Over time, he believes, there will be a move toward innovations such as instructor-led video training. As for old-fashioned, face-to-face training meetings, they will never be completely replaced, “unless you can do multipoint video conferencing with reasonable costs and reasonable quality.”
In the meantime, Hersh predicts that ever-growing numbers of agents will be using online learning tools. “The main driver will be agents asking [for online learning programs] as they become aware of them,” he says. “These agents will see how the technology can help them spend more time selling.”
Many experts believe that the most effective use of technology for training comes from blended learning — a form of training that combines traditional classroom sessions with e-learning and self-study. According to Training magazine's “2003 Industry Report,” blended learning was used in 27 percent of training courses in the finance/banking/insurance industries in 2003. Delivered correctly, blended learning is efficient and cost-effective, experts say, and they expect the number of users to continue to rise. Its popularity is due in part to technological advancements that have made e-learning easier to apply, and in part to tight meeting budgets that have caused companies to look for ways to save on function space and travel.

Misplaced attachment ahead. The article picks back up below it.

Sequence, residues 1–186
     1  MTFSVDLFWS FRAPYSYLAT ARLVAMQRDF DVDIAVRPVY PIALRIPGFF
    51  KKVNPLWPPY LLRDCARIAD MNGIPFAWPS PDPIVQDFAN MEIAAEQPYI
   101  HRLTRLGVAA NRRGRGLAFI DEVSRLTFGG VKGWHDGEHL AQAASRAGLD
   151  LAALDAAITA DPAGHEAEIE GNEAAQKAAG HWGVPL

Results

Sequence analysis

The key to developing an effective blended-learning program lies in the mix of media used to deliver the training. Josh Bersin, an Oakland, Calif.-based training consultant who wrote The Blended Learning Book, recently published by Wylie/Pfeiffer, identifies 16 methods, including classroom instruction, webinars, conference calls, CD-ROM courseware, study manuals, Web pages, online simulations, on-site labs, Web-based chat or discussion groups, mentoring programs, and videos. Two or three of these techniques should suffice for an effective blended-learning program, experts say.